First Ever Sports Data Partnership with NCAA-Affiliated Conference
On March 9, 2022, Dr. Jon Steinbrecher, the Commissioner of the Mid-American Conference (“MAC”), announced a statistical data partnership and sponsorship deal with Genius Sports. As part of the five-year agreement, the MAC is licensing its statistical data rights to Genius Sports, creating a single source to manage and market the data for the conference. Further, for sustainability and integrity, Genius Sports will require companies to pay for access to the MAC’s data. In turn, this multi-layered process will help generate funding for the conference and fewer outward influences on players and staff to potentially interfere with game conditions. Id. The agreement appears to be the first of its kind in the NCAA and demonstrates the direction that college athletics are going concerning data and the rights to access certain data.
Agreement with Genius Sports
Under the agreement, Genius Sports will be tasked with managing and marketing the league’s game data while providing integrity services for sports betting activities. Id. Since the Supreme Court’s decision in Murphy v. National Collegiate Athletic Association, which ruled that the federal ban on state-sanctioned gambling was unconstitutional, both professional and collegiate sports gambling has gained much traction in the sports industry. While Dr. Steinbrecher made it clear that this agreement “isn’t about promoting gambling or sports wagering,” rather, “it’s about [the MAC] taking back control of [their] statistical data[.]” Further, Dr. Steinbrecher demonstrated the conference’s forward-thinking by explaining that this agreement is also intended to leverage its statistical data assets for the benefit of their college athletes and institutions. Id.
Genius Sports is an established leader in delivering data and integrity programs. Headquartered out of the UK, it has partnered with over 400 sports organizations globally, including the NFL, NASCAR, and the PGA. Id.
The Mid-American Conference was founded in 1946 and has 12 full-time members. Its current members include The University of Akron (Ohio), Ball State University (Indiana), Bowling Green State University (Ohio), University at Buffalo (New York), Central Michigan University (Michigan), Eastern Michigan University (Michigan), Kent State University (Ohio), Miami University (Ohio), Northern Illinois University (Illinois), Ohio University (Ohio), University of Toledo (Ohio), and Western Michigan University (Michigan). In sum, that includes 5 states (Ohio, Indiana, Michigan, New York, and Illinois). Each of these five states has legalized sports gambling.
The Future of Conference Specific Data Rights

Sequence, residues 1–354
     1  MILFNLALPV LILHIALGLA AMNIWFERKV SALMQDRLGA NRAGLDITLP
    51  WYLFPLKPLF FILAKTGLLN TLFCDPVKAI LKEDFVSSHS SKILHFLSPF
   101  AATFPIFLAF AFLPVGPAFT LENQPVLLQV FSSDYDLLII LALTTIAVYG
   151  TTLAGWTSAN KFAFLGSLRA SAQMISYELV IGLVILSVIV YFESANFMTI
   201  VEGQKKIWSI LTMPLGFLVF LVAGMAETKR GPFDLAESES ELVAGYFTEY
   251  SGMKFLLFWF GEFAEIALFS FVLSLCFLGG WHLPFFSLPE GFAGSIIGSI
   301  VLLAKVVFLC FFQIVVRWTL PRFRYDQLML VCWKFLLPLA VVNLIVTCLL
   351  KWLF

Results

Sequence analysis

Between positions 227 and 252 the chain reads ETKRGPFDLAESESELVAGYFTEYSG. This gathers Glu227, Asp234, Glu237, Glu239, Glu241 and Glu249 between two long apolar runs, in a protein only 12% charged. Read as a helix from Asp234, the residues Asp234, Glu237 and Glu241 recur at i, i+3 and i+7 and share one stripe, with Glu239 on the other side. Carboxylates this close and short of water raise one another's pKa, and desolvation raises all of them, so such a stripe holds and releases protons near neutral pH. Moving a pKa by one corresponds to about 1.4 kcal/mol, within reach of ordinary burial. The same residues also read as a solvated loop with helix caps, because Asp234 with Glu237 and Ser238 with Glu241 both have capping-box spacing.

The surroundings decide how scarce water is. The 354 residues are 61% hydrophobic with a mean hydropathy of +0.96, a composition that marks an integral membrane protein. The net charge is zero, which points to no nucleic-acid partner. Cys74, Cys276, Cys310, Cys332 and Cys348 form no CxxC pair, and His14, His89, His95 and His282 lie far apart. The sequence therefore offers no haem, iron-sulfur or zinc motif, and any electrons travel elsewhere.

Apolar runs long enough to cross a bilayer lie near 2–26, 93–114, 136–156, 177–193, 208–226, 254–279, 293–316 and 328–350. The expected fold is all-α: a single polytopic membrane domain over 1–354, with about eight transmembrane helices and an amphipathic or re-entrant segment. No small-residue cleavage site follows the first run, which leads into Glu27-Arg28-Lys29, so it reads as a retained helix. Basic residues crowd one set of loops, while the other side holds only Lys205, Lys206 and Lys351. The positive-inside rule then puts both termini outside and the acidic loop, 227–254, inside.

Although the National Collegiate Athletic Association (“NCAA”) does not explicitly permit gambling, Genius Sports and the NCAA have an agreement pursuant to which Genius Sports simply manages the real-time data for the NCAA; however, Genius Sports cannot sell such data to wagering or non-wagering entities. Id. The NCAA itself has not authorized any entity to provide its statistical data to any sportsbook. Id.
The move by the MAC comes months before the new NCAA Constitution comes into effect (August 1, 2022). Under the new constitution, the NCAA awards power to its institutions and conferences to interpret the role of athletics, and thus reasonably implement regulations that govern their own conferences. Combine the decentralized future of college athletics with the growth of sports-betting, and it appears that the agreement between the MAC and Genius Sports may serve as an initial template for other conferences to work from. Conferences will be inclined to leverage their sports data as assets. Specifically, conferences can establish consistent revenue streams for their institutions and perhaps even their college athletes. In sum, the MAC appears to be taking an anticipatory approach to both the decentralized structure of college athletics and the conference’s role in the sports data industry. Look for more conferences to follow the MAC’s lead.
Law Student at the University at Buffalo School of Law. Before law school, I coached college football at the University of Rochester for nearly six years. There, I gained invaluable experience through the various titles and responsibilities I held. None of these experiences were more significant than the interactions with our players. The players made coaching worth every second. I decided to pursue a JD because I felt I could be doing more foundational work for college athletics. This idea came to mind while I was earning my Masters in Higher Education at the University of Rochester. Since enrolling in law school, the landscape of college athletics has indeed shifted. Thus, I am excited and hopeful to pursue a career in college athletics, this time from an administrative position. Thank you for reading my posts; any and all comments are greatly appreciated.